Posts tagged "exhibits"
from Beyond the Reading Room

Coffee and Old Lice? Join us to Celebrate a New Exhibit on the History of the Microscope

Left: Philippe Sylvestre Dufour (1622-1687). Traitez nouveaux & curieux du cafe, du the et du chocolate. Lyon: Jean Baptiste Deville, 1688; Right:

The Special Collections Library will host a reception to celebrate a new exhibit, "Through the Magnifying Glass: A Short History of the Microscope." Please join the exhibit curators, Pablo Alvarez and Gregg Sobocinski, to chat about this exciting display. There will be coffee and other refreshments. Date: April 24 (Friday) 3:00 pm -5:00 pm. Place: Seventh floor of the Hatcher Library.

Singing the Antiphonary: New Online Exhibit and Event at the UMMA

From left to right: Adam Wills Begley, Noah Horn, Austin Stewart, Glenn Miller, Matthew Abernathy, and Dr. Stefano Mengozzi.

On August 26 2014, led by Dr. Stefano Mengozzi, a group of six singers recorded a selection of Gregorian chant music at the St. Thomas Apostle Catholic Church in Ann Arbor. They sang from a fifteenth-century Antiphonary from the Special Collections Library, an extraordinary manuscript copied in Venice and richly illuminated by the Italian miniaturist, Benedetto Bordon.

A New Home for a Historical Microscope

Clamshell box storing a Culpeper-Style English Microscope (ca. 1760)

In 2013, an extraordinary collection on the history of medicine was transferred from the Taubman Library to the Special Collections Library, University of Michigan Library. Among the books, we came across three eighteenth-century microscopes stored in plain boxes and in need of conservation treatment. They have now been repaired and are in new homes. Here is a video explaining in detail the conservation work performed in one of these wonderful microscopes.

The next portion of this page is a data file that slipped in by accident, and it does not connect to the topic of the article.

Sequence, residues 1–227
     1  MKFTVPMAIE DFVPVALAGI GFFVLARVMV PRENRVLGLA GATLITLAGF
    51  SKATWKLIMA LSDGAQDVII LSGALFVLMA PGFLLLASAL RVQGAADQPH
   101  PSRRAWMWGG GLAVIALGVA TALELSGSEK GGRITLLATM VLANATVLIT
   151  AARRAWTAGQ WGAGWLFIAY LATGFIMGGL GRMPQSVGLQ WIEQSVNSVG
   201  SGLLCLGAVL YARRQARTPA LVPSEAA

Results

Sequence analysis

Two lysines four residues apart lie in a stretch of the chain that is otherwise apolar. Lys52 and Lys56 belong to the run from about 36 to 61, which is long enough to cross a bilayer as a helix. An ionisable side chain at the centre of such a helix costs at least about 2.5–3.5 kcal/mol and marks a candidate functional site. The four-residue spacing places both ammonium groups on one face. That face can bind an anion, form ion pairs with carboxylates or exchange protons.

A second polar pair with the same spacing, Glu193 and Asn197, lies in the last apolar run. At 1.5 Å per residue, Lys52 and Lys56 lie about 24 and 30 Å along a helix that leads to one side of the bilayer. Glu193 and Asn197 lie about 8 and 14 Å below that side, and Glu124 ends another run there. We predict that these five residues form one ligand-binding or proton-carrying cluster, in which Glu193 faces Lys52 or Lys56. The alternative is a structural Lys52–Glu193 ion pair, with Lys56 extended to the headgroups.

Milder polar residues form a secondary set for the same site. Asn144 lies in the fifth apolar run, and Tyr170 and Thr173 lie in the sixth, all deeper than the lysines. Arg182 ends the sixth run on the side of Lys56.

Beware! The Grey Drone-Fly is Watching You!

Plate 24, on the eyes and head of the grey drone-fly, from Micrographia. London: John Martyn & James Allestry. Printers of the Royal Society, 1665

This superb engraving depicts what the seventeenth-century English scientist, Robert Hooke, observed when exposing the head of a grey drone-fly through the lens of a microscope. The greatest section of the head was nothing else but two large “protuberant bunches,” mostly covered by thousands of tiny hemispheres arranged in “triagonal order”.

Join us for Jell-O! Exhibit opening reception and talk, 1-12-2015 4:30pm

Three women sit on a carpet around a low table sharing Turkish coffee and pastries, The women form a circle, which is visually mirrored by the Chocolate Walnut Jell-O dessert below them

Talk and reception to celebrate the upcoming online exhibit "Jell-O: America’s Most Famous Dessert At Home Everywhere." Dr. Nicole Tarulevicz of the School of Humanities at the University of Tasmania speaks at 5:00 p.m. Using materials drawn from the culinary ephemera holdings of the Janice Bluestein Longone Culinary Archive at U-M Library, the exhibit explores how the Jell-O company’s early 20th century advertising used depictions of the exotic to sell the product to Americans.

Diverse City: Jell-0

Image of Eve picking an apple from a Jell-O advertisement

Early 20th century advertising materials for Jell-O contain striking representations of age, race, class, gender, nationality, regionality, and other vectors of identity; whether self-defined or other-imposed. In January, we’ll unveil a digital exhibit, guest curated by Dr. Nicole Tarulevicz, on depictions of the exotic in early 20th century Jell-O advertising. There will be an exhibit opening and reception, with a talk by Dr. Tarulevicz, January 12th, 4:30-6pm, in the Hatcher Gallery

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